In the second half of 2023, the Shanxi Provincial Archaeological Research Institute, in collaboration with the Xinzhou City Cultural Relics and Archaeology Research Institute, conducted archaeological excavations in Xinfu District as part of the realignment project for National Highway 108 between Shahe and Shilingguan.

During the excavations, two Longshan culture sites and sites from the Warring States period were discovered, along with 66 tombs from the Han, Tang, Jin, Yuan, Ming, and Qing dynasties. Among them was an exceptionally well-preserved Ming dynasty brick tomb on the west terrace of Hexitou village in Xinfu District.

The tomb is located 300 meters southwest of Hexitou village, on a terrace that is higher in the west and lower in the east, relatively flat, with ravines about 100 meters to the south and north.

The tomb has a “jia” (甲) shape in plan, oriented at 102°, with a length of 25 meters east to west and a width of 6.4 meters north to south, with a depth of 6.2 meters. It consists of an entrance passage, a door, a corridor, a main chamber, a rear chamber, and niches in the north and south walls.

On the north wall of the entrance passage, near the tomb’s door, there is a stone stele with the inscription Epitaph of Lord Wang Hou’an of the Ming Dynasty carved in the “zhuan” script style. The tomb door is made of stone and consists of a porch, stone slabs sealing the entrance, and stone doors.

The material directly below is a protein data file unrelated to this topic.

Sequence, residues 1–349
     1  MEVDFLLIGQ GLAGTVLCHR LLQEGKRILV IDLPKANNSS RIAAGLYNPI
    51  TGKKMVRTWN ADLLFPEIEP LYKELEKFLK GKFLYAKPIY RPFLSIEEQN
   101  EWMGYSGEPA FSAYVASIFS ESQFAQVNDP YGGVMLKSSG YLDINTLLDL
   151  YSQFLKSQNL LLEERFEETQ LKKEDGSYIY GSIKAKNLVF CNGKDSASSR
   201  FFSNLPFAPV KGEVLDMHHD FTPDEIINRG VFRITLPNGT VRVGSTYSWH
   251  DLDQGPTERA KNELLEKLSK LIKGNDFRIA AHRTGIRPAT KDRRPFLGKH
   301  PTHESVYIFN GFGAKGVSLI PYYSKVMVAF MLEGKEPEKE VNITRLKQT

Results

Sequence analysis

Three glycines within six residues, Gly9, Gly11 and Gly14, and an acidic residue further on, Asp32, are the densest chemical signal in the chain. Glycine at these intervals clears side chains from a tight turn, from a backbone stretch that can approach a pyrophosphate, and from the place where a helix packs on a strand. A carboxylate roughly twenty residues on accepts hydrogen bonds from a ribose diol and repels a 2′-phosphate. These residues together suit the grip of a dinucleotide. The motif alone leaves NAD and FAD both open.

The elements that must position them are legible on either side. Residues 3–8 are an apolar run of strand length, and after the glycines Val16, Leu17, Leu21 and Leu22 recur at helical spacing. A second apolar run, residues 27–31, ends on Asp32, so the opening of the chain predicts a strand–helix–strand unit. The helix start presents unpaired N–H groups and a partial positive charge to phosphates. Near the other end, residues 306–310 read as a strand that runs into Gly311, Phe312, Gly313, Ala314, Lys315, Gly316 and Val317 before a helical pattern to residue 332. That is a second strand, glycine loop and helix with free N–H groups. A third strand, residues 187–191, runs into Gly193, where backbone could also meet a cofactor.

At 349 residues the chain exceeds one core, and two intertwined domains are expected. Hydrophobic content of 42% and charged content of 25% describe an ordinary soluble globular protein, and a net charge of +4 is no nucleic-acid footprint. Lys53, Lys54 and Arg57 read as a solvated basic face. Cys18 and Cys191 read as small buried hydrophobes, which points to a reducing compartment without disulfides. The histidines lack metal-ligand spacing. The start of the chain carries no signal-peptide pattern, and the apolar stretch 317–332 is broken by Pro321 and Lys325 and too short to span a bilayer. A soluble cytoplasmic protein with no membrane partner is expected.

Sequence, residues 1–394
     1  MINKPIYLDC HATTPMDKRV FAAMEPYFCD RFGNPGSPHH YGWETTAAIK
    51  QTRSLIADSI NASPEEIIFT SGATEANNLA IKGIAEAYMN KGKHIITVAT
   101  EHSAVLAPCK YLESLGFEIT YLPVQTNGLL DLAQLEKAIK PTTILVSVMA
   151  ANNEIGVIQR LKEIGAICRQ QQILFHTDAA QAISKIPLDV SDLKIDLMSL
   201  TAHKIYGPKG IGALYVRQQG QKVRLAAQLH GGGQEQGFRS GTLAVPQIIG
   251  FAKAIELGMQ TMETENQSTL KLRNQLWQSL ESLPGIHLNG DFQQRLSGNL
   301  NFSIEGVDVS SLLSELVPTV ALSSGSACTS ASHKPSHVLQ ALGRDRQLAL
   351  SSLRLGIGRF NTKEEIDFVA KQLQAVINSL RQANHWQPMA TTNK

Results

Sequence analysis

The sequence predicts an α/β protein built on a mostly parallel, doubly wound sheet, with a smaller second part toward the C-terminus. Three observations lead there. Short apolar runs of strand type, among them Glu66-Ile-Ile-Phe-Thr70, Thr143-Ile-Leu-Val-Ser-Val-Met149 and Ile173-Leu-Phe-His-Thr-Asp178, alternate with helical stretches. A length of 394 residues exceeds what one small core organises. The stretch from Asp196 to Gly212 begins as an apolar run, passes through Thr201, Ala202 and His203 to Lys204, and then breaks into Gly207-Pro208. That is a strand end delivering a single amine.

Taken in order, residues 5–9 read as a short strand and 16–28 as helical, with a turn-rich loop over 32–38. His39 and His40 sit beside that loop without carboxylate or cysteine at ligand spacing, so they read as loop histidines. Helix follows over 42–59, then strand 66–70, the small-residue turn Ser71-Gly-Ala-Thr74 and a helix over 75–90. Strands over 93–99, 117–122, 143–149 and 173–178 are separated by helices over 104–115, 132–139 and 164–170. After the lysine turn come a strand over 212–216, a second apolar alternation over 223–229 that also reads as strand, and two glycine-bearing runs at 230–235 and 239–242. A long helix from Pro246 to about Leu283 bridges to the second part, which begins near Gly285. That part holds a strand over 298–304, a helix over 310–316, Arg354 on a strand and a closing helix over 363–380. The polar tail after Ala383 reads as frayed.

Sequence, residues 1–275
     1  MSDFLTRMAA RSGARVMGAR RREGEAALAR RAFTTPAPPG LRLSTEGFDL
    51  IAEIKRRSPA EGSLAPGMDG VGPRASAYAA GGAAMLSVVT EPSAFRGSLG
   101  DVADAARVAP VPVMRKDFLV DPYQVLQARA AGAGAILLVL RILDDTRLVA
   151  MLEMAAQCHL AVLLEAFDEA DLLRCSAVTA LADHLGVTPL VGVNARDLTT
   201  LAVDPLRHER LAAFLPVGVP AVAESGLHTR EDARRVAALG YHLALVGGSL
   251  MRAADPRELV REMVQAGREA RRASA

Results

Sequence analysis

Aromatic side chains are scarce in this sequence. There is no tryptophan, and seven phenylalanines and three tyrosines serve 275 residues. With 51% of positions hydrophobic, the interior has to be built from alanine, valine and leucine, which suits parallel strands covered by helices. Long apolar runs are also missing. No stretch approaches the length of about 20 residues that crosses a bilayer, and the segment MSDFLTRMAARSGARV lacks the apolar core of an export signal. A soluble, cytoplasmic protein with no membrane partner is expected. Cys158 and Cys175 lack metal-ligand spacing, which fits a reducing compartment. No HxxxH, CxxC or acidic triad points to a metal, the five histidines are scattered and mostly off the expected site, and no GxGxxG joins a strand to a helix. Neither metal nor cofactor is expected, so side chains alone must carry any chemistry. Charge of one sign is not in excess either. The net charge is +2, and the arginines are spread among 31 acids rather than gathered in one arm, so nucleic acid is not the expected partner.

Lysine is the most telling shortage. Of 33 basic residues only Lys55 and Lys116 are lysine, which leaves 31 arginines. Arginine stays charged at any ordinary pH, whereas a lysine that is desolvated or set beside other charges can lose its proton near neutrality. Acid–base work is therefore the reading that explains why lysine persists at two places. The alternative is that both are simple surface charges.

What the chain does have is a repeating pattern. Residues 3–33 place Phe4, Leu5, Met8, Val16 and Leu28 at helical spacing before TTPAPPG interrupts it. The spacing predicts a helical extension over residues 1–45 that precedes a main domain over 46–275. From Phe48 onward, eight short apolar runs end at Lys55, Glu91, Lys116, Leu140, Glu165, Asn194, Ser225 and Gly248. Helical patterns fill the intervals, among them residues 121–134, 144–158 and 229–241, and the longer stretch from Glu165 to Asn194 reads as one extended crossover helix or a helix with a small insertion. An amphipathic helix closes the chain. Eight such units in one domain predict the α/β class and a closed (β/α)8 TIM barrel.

The interior of the tomb is free of sediment, and the coffins and funerary objects are in good condition. The main chamber houses two coffins, with the southern coffin being smaller and the northern one larger.

Various funerary objects were found, such as ceramic jars, symbolic tiles, ceramic bowls, wooden furniture, candlesticks, incense burners, painted wooden figurines, as well as desk items like ink stones, brushes, and brush holders.

According to inscriptions on the epitaph and land purchase contract, the occupant of the tomb is Wang Luo, the younger third brother of Wang Zhi, a famous official in Xinzhou during the Ming dynasty.

Wang Luo died in the year Wuzi, estimated to correspond to the 16th year of the Wanli era (1588), at the age of 55 by the lunar calendar and 56 by the Western calendar.

This discovery is exceptionally rare in the Xinzhou region and even in the entire province due to the meticulous construction of the tomb, the abundance of funerary objects, and the excellent preservation of the wooden coffins and offering items.

It provides valuable physical materials for the study of tomb structure, social life, and funeral culture of the Ming dynasty in the region.

The discovery of this Ming dynasty tomb sheds light on funeral practices and elite culture during that period. The presence of wooden furniture, desk items, and offering objects suggests the importance of maintaining a refined and cultured lifestyle even in the afterlife.

Furthermore, the inscription on the epitaph praising Wang Luo’s virtues and achievements reflects the values and social expectations of the time.


Archaeological Institute of Shanxi

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